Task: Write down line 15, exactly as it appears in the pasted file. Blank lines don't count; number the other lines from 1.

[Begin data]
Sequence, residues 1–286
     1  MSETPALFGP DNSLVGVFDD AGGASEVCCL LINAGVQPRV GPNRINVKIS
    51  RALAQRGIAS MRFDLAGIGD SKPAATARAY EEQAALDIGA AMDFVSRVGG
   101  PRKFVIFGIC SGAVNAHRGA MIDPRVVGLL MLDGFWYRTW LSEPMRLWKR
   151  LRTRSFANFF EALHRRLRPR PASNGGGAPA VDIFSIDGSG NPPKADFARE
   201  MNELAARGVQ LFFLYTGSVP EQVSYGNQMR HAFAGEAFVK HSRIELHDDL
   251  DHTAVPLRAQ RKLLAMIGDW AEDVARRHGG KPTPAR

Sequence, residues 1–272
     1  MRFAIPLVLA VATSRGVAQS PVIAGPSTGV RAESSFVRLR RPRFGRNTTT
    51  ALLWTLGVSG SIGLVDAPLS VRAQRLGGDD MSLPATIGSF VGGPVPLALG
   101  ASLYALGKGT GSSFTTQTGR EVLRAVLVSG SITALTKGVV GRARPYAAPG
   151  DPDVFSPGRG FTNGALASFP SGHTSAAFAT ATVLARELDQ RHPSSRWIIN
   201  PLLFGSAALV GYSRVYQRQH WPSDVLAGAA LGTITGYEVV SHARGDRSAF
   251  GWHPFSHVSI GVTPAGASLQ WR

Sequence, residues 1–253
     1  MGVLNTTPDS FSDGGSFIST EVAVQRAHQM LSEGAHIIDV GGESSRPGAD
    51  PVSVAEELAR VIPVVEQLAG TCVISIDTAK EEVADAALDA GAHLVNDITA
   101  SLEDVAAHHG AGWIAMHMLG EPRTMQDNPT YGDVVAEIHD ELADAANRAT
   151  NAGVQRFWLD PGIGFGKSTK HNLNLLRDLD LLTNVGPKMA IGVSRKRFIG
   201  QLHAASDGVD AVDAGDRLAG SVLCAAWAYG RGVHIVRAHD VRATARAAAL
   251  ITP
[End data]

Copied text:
Sequence, residues 1–253